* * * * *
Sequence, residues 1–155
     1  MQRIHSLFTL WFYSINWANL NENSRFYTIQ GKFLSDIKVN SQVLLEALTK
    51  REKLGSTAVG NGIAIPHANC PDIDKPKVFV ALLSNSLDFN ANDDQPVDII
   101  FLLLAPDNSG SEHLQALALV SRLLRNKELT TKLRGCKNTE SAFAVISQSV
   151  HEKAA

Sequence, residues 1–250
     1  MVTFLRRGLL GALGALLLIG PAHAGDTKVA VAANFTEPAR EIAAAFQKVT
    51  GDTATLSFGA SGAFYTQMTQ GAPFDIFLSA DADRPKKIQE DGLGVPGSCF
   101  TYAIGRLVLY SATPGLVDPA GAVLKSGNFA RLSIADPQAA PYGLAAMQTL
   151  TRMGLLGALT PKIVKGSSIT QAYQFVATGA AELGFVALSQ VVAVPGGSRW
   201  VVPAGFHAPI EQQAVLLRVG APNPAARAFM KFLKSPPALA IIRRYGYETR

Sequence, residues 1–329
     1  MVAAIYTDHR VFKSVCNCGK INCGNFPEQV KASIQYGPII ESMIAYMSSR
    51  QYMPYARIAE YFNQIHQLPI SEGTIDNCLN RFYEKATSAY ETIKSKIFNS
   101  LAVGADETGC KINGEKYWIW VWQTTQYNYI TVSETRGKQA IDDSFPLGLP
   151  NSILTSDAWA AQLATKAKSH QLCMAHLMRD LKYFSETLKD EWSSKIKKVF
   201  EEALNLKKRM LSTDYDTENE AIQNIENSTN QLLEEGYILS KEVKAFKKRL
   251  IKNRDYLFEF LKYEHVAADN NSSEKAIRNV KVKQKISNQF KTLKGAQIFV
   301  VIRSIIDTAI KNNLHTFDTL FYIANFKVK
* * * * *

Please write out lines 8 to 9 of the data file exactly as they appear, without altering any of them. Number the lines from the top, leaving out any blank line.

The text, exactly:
    51  GDTATLSFGA SGAFYTQMTQ GAPFDIFLSA DADRPKKIQE DGLGVPGSCF
   101  TYAIGRLVLY SATPGLVDPA GAVLKSGNFA RLSIADPQAA PYGLAAMQTL